The impact of early presidential foreign and economic policies on the growth of the nation.

Essay by crazychikaJunior High, 8th gradeA+, March 2006

download word file, 2 pages 0.0

We have had many great presidents during the early years of the nation. George Washington, Thomas Jefferson, and James Monroe were among them. During the early years of Washington's presidency, the country was in national debt. After the war the country owed masses of money. The country owed $81,497,000, but it was on receiving a total income of $4,419,000. Now, the government borrowed money through bonds. A bond is a certificate that promises to repay the money loaned, plus interest, on a certain date. Alexander Hamilton came up with a plan to repay both federal and state debts. He wanted the government to buy up all the bonds issued by the government, and then he planned to issue new bonds to pay off all the debts. As the economy improved, the government would be able to pay off the new bonds.

James Madison opposed Hamilton's plan. He thought that the plan would let speculators make a profit, but Hamilton argued that the government needed to pay off its debts otherwise America wouldn't have investors that it greatly needed.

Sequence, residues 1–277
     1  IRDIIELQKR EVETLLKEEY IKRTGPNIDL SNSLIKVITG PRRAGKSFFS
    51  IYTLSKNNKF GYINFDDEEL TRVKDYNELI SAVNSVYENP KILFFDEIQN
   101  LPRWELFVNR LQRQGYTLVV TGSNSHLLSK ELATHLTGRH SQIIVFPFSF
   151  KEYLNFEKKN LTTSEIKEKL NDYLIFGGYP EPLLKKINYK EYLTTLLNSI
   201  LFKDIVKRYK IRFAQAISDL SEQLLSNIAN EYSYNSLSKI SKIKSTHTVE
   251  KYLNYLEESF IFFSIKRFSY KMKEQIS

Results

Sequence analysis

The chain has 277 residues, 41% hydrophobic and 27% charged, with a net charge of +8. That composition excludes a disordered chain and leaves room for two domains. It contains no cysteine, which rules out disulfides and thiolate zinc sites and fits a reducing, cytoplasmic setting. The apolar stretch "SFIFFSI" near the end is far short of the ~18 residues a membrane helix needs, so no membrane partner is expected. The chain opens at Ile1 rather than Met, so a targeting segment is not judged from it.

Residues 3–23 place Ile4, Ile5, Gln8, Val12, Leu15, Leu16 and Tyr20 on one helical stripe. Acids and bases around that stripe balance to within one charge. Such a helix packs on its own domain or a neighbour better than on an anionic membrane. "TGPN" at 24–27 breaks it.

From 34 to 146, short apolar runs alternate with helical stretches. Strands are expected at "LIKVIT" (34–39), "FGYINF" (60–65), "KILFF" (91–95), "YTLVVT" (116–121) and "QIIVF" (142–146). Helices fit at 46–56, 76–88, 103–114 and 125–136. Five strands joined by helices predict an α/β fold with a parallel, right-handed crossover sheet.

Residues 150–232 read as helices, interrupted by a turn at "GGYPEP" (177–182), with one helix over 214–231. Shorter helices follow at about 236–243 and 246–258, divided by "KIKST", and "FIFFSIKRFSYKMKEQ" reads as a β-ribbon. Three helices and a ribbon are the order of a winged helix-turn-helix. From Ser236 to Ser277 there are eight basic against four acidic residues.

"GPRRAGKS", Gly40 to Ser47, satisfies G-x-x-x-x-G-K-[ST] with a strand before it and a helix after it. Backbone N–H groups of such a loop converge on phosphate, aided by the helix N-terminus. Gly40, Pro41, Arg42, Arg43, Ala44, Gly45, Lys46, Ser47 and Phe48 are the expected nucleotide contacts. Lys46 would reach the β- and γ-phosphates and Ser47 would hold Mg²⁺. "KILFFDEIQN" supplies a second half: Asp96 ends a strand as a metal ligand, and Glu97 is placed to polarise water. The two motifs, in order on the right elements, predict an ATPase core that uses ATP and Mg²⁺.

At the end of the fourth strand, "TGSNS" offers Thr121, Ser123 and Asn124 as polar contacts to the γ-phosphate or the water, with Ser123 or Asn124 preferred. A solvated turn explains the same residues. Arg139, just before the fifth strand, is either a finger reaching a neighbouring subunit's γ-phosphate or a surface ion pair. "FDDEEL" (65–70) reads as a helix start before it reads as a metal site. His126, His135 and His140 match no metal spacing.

In the end, Hamilton agreed on a compromise. While in office Washington had many great accomplishments. One of his greatest accomplishments came in 1791 when he signed the national bank charter. It was called the Bank of the United States. The government would deposit money from taxes in the Bank, and the bank issued paper money to pay the government's bills and to make loans to farmers and businesses. A protective tariff was called for by Hamilton. A protective tariff is a tariff, or tax, meant to protect local industry from foreign completion. In North, people supported the tariff, but in the South they did not. In the end, Congress did pass a tariff, but it was much lower than what...